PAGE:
As the WINDPOWER 2013 Conference & Exhibition wound down, nearly 10,000 attendees and 600 exhibitors started wrapping up business and heading home—ready to capitalize on the business opportunity presented by extension of the industry’s key policy incentive in the near term, and the opportunity to help craft a new long-term vision of stability for the industry.
Buoyed by a steady stream of positive industry news over the past several weeks, including new utility purchases of and solicitations for wind power, the industry appears set to add another generous helping of new generating capacity over the next two years to the 60,000 MW in place at the end of a record 2012. Customer enthusiasm for the benefits of the clean, affordable energy source were confirmed in the Windy City, with panels highlighting cost savings, the ability to lock in prices for decades to protect against volatile fuel prices, and, of course, the absence of any emissions. Wind energy leaders urged that each member of the industry take it upon themselves to get that message out, while corporate purchasers of wind explained why they embrace the renewable energy source.
Next year’s event will mark AWEA’s 40th anniversary, and accordingly, the industry is “going to Vegas” — for the first time ever. The site for WINDPOWER 2014 will be in Las Vegas, next May 5-8. Booth reservations are now open and were selling briskly in Chicago this week. For details, see www.windpowerexpo.org/2014.
Resonating throughout the 2013 conference were calls for industry stability. Now that American wind power is mainstream, it’s time, leaders said, to bring stability to the industry. In an inspiring address last Monday morning that set the tone of WINDPOWER 2013, EDP Renewables North America CEO and new AWEA Board Chair Gabriel Alonso expounded on how the industry will achieve that stability. Among his five “pillars” for a strong industry, he urged that the industry strengthen its voice through increased participation in advocacy efforts.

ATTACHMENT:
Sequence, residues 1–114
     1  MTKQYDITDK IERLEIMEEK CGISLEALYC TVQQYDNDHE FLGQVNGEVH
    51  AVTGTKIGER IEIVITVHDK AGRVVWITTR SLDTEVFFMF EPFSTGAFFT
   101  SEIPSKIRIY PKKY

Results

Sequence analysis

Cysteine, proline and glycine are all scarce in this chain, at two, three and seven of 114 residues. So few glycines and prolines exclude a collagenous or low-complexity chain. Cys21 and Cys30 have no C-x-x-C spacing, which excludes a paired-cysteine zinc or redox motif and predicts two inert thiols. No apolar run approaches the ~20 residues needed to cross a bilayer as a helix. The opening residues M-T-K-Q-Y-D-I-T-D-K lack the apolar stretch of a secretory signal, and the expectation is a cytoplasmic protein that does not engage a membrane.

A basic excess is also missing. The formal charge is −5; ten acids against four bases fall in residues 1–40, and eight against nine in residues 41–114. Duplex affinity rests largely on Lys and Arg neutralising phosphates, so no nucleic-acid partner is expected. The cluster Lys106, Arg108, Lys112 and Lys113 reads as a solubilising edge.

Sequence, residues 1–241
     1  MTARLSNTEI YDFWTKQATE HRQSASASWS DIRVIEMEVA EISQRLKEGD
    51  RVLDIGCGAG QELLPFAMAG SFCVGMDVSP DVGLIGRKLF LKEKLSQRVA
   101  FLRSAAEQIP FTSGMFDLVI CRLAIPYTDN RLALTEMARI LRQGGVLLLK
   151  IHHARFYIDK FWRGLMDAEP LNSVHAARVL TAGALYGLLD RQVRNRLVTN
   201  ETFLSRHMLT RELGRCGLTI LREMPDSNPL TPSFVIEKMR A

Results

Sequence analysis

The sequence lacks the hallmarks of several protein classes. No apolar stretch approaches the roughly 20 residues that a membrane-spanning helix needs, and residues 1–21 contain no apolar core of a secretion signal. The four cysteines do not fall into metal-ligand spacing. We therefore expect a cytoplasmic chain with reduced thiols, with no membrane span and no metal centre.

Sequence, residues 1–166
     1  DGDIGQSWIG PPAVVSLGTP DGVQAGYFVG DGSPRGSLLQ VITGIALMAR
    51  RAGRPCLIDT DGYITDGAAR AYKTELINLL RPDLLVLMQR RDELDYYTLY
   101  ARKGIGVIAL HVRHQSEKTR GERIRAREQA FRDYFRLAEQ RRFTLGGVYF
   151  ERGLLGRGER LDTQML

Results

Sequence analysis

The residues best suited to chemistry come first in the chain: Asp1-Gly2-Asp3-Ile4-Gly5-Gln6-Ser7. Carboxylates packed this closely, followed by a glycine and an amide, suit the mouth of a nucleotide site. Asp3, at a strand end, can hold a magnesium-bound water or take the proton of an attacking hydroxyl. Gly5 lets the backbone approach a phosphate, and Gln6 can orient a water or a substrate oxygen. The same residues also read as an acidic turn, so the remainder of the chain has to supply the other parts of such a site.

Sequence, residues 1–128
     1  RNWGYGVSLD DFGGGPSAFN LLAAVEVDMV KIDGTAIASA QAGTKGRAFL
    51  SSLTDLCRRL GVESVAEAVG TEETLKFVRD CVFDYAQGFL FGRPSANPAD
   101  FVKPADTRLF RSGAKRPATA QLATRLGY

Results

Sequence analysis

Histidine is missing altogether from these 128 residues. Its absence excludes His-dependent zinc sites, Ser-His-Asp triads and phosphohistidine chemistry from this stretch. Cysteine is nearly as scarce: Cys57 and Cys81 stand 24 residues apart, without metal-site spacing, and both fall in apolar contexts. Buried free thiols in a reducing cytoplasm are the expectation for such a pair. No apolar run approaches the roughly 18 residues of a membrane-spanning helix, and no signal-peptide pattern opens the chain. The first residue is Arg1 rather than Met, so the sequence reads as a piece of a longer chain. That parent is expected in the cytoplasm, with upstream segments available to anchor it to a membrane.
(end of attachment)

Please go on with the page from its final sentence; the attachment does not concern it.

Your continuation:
Part of that movement toward stability lies in a new collaborative effort that was highlighted in Chicago. In the coming months, the U.S. Department of Energy will be producing a new version of the wind energy “road map” contained in the 20% Wind by 2030 Technical Report developed by the Bush Administration in 2008. The DOE initiative will be aimed at understanding opportunities and challenges associated with America’s steady progress toward a future increasingly powered by clean, affordable, homegrown energy sources like wind power.
As panelist Susan Reilly, CEO of RES Americas, noted at WINDPOWER, the industry is ahead of the pace outlined in the initial report (a fact that she called, “incredibly exciting”). Moreover, technology has improved dramatically just in the past few years—a common topic of discussion at WINDPOWER—outstripping many of the assumptions of the 2008 report.
In keeping with the newly emerging theme of industry transformation at WINDPOWER, the industry also had a chance to meet (and hear) the AWEA’s new CEO, Tom Kiernan, who starts in his new position May 28. Kiernan said that in the coming months he will be traveling around the country to meet with members and hear what their needs are, as well as their thoughts on a new vision for the industry and association.
Kiernan spent hours on the show floor and in side meetings talking with attendees about their priorities. “WINDPOWER 2013 was everything I’d heard about this wonderful annual industry town square and more,” he says. “Today I’m all the more excited to roll up my sleeves and get to work with our industry’s members, who impressed me to no end in Chicago. I very much look forward to reaching out to our membership in the coming months so we can work together in crafting a new vision for this great association and for American wind power. And I can’t wait to see everyone next year in Las Vegas for WINDPOWER 2014, if not sooner.”
Another message resonated at WINDPOWER: Crucial near-term work remains to be done as well. This year began on a positive note when the federal Production Tax Credit, U.S. wind energy’s primary policy driver, was extended for projects that start construction this year. But as has always been the case, the industry must continue to make its case for continued growth so that a long-term vision can be realized.
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